The U.S. Supreme Court has brought more small employers under the coverage of the federal employment laws, based on its January decision in Walters v. Metropolitan Educational Enterprises, Inc. 72 FEP Cas. (BNA) 1211(1997). The court said that employers with at least 15 employees on their payrolls are subject to Title VII of the Civil Rights law. This method, as opposed to counting individuals as employees only on days they actually worked, means more employees of small employers can sue for discrimination. This distinction can make a difference in a case of employers who have some employees who work part-time or who are on leave. The court unanimously ruled that a company's list of workers includes anyone that has an "employment relationship" with it, whether or not that person is at work on a given day. Title VII, the most broad-based federal discrimination law, applies to employers with 15 or more employees each working day in each of 20 or more calendar weeks in the current or preceding calendar year. The payroll method of counting employees, which counts hourly or part-time workers who are on the employer's payroll during the time in question, already is used by the EEOC for determining coverage under the Age Discrimination in Employment Act and by the Labor Department for the Family & Medical Leave Act. The number of workers necessary for coverage varies based upon which law is applicable. Title VII and the ADA, which prohibit discrimination on the basis of race, sex, religion, national origin, and disability, applies to employers with 15 or more workers. The Age Discrimination Law, a separate law, applies to employers of 20 or more employees. The Family & Medical Leave Act of 1993 applies to employers of 50 or more employees within a 75-mile radius. The Occupational Safety & Health Act applies to employers of 2 or more, except that inspections are only conducted for employers of 10 or more employees (smaller employers are subject to investigations for fatalities or complaints). Employers should also be aware that in some cases, there are state laws that may also apply. Smaller employers are thus encouraged to keep careful records of employees to avoid unexpected regulation. Under the new ruling, under the payroll method, all one needs to know about a given employee for a given year is when the employee started or ended employment, since the person is counted as an employee for each working day after arrival and before departure.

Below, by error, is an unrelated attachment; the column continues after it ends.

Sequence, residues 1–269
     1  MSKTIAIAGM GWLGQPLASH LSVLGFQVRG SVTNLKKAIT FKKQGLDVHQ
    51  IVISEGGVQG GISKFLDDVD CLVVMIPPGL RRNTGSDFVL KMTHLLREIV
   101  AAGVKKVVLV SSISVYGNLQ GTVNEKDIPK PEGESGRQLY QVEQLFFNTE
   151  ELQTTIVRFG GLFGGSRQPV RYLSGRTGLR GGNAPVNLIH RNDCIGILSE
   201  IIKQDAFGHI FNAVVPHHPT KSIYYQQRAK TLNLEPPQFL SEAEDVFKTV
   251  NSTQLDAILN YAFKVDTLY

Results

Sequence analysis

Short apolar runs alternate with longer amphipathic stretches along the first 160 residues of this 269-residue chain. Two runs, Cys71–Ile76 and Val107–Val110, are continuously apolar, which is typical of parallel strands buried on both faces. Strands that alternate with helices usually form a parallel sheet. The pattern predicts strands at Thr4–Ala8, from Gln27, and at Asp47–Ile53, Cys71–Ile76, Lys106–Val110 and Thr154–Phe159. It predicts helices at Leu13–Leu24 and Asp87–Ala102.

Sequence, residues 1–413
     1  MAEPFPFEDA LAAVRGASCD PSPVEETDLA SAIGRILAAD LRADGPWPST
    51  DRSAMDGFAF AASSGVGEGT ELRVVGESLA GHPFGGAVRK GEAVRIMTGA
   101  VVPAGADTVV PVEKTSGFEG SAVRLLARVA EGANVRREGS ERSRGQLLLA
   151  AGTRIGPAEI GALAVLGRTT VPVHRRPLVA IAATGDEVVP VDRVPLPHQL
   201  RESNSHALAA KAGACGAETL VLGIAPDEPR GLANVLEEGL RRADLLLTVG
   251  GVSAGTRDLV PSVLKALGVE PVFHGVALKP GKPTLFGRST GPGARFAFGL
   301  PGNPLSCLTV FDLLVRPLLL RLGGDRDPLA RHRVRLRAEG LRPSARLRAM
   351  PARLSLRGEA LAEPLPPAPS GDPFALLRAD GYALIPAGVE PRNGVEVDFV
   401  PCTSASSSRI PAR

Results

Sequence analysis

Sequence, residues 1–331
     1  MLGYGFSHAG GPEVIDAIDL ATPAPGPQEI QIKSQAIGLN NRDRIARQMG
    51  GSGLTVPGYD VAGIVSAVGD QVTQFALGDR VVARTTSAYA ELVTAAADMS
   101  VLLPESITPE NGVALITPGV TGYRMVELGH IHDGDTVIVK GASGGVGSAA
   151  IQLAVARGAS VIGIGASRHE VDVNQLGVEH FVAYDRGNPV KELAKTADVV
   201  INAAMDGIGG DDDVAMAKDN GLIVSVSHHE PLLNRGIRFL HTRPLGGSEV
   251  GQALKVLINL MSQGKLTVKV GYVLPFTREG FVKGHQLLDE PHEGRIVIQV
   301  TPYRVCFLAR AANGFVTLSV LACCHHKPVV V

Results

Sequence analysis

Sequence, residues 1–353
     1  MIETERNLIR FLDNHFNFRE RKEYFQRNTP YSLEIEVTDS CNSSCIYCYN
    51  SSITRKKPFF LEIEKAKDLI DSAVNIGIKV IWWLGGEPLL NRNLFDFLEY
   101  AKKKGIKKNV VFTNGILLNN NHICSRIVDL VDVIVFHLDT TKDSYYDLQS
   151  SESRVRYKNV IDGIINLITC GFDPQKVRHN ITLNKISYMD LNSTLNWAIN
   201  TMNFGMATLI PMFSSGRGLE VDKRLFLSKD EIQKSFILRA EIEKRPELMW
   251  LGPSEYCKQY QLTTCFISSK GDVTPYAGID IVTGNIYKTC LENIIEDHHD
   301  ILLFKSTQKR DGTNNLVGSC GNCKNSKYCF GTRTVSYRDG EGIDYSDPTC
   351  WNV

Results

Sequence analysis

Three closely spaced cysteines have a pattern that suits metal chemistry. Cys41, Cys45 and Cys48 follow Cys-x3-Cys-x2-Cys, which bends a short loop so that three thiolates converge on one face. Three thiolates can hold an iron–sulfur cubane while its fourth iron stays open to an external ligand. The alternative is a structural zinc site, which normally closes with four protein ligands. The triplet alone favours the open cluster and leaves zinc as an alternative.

This synopsis is intended as general information and not legal advice. Contact any of the attorneys at Wimberly & Lawson before relying on any information provided here.

This article was extracted from Wimberly & Lawson's Employment Law Bulletin, a monthly synopsis of developments in labor and employment law of interest to employers. The Employment Law Bulletin is distributed free of charge to clients and friends of the firm. If you would like to be put on our mailing list, please e-mail your name, title, organization, mailing address, e-mail address and telephone number to with "Subscribe: Employment Law Bulletin" in the subject line.

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LAST REVISED February 25, 1997